Originally Posted by Wodgy
Dan, you seem to be missing the core of what people are saying to you. They're not saying to ditch your system, and they're not saying to add a stepped attenuator. They're suggesting you use a rotary encoder, a digital rotary encoder rather than an up/down toggle switch. That's all they're suggesting. A rotary encoder would be more usable.
Here is some of my thinking:
Is a 56 position rotary is practical? Imagine 56 positions at about 6 degree per position... I do not know if such a device is available, but is so; I would not wish to paint 56 numbers on a front panel. That would call for a display such as I use (My 2 digit display).
Most rotaries based device use 2 devices, such as one device for 1dB step and the other for a 10dB step. So every 10dB, you need to reach the 10dB step device, and then reach for the 1dB step device and make a 9 dB "correction". Say you want to go from 19 to 20dB:
If first you change the 1 to 2, which gets the volume up to 29, an increase of 10dB (blowing your ears) then you need to change the 9 to 0, to 20dB.
A better way is to first lower the gain from 19dB to 10dB, and then go for 10dB device and change it from 1 to 2, for a 20dB.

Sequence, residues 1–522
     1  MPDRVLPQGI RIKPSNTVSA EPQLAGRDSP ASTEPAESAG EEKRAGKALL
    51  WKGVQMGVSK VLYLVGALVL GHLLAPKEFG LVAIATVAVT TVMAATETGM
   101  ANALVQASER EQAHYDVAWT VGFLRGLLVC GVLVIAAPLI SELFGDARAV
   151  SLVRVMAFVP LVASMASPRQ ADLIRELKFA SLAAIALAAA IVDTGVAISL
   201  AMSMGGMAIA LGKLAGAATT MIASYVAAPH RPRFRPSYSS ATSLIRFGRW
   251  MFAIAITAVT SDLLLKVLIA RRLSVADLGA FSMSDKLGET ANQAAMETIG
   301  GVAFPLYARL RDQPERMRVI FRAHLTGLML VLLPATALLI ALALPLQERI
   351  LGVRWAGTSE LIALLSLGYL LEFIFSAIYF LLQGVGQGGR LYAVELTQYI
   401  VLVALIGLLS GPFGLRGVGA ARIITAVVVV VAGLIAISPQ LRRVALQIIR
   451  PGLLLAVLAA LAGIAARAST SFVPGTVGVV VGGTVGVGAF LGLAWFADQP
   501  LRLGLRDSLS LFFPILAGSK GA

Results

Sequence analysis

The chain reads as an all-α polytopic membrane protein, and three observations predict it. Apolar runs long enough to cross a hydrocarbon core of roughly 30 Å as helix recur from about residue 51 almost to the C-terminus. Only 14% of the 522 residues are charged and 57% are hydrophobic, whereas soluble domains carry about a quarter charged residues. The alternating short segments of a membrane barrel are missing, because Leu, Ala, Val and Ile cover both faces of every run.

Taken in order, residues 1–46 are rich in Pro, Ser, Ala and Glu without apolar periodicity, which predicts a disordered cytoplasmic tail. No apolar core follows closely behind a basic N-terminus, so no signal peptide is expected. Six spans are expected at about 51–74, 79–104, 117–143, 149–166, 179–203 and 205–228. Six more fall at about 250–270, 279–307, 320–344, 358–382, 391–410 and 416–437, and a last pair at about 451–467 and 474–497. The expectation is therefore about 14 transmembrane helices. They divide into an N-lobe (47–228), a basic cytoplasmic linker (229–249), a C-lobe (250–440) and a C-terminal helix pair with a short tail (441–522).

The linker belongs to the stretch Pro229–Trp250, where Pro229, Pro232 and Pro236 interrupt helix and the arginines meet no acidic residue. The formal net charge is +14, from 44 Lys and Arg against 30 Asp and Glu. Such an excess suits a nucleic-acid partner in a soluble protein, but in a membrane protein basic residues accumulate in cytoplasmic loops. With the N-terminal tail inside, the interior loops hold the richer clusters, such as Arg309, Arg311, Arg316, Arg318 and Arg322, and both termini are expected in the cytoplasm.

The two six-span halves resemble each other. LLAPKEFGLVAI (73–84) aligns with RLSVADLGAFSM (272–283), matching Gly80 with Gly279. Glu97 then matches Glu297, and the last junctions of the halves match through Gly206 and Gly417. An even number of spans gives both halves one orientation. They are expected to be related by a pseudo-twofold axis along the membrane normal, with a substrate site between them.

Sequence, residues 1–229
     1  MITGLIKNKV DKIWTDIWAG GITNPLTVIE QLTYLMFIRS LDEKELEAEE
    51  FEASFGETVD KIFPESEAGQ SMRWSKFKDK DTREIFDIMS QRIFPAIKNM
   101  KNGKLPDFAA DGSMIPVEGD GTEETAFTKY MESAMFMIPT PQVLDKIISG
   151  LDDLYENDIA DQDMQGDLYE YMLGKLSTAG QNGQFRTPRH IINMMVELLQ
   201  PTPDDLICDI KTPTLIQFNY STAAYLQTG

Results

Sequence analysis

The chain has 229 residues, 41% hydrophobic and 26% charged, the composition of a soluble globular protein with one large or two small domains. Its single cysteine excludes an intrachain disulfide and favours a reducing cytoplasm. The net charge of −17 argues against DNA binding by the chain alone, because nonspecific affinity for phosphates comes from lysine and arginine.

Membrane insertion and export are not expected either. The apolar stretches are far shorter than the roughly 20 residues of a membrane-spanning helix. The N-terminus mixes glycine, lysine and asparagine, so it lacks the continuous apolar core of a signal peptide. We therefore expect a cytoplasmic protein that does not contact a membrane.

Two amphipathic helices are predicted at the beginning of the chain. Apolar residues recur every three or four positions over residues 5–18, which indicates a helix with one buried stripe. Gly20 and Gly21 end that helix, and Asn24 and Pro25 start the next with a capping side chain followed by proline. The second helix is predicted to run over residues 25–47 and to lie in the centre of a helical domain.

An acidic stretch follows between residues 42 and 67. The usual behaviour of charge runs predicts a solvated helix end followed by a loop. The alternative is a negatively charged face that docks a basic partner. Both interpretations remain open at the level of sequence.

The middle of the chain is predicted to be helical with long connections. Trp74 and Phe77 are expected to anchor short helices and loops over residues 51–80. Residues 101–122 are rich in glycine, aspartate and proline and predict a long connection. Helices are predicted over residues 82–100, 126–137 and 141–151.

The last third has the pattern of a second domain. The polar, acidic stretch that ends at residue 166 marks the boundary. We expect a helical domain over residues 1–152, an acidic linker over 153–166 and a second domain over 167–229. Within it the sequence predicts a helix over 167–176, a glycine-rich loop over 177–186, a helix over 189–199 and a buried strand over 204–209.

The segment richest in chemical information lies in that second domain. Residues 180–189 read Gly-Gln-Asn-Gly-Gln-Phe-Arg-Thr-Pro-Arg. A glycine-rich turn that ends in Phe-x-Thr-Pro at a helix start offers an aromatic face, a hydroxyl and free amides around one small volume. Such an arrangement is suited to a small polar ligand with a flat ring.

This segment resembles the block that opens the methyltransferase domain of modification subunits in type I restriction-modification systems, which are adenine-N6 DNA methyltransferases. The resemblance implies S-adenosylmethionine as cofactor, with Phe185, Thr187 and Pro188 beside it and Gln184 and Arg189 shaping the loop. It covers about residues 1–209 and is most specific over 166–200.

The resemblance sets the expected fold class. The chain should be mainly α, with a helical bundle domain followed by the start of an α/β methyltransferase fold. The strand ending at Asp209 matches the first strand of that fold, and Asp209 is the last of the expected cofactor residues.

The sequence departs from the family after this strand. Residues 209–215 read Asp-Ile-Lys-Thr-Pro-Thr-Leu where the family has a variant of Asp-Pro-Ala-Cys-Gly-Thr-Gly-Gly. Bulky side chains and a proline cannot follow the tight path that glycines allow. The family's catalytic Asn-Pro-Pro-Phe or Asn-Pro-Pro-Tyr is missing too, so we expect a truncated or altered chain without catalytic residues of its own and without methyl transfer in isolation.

In other words, you need to think about the order - which rotary switch to use first. If you want to reduce from say 40 to 39, you have to reverse the order you access the switch, in order to prevent a sudden intermediary 10dB boost...
Of course there are other considerations here that I did not mention. In fact, designing calls for a lot of considerations, not all are obvious and some are best kept proprietary.
I do my best to listen to inputs, and act on it. The DA11 is the third device with a volume switch and 2 digit display (the other are DA10 and MP10 micpre). The vast majority of feedback was very favorable.
I find the idea of up for more volume and down for less volume very user friendly and intuitive. Also note that for the >PIC< (tm) I used horizontal switches (activate sideways). If you want a wider image on the left, push the left image switch to the left. A narrower image on the left calls of pushing the left switch to the rights (of course the right channel switch is opposite). That is very intuitive beacuse the hand motion goes along with the desired action. You can see that I am very interested in user friendly and intuitive controls.
You said that a rotary will be more usable. Why? I like feedback but I would like to have it coupled with reason. What is it about an up down switch with a clear digital display that is less usable? What is it about turning a knob that makes it better then pushing a switch up for more volume, or down for less volume? Why is it that a rotation to the right is better for more volume? Why is it that some tiny numbers printed on a front panel (for attenuation) are better then my large lit numbers? The lit numbers are certainly clearer in a dark room...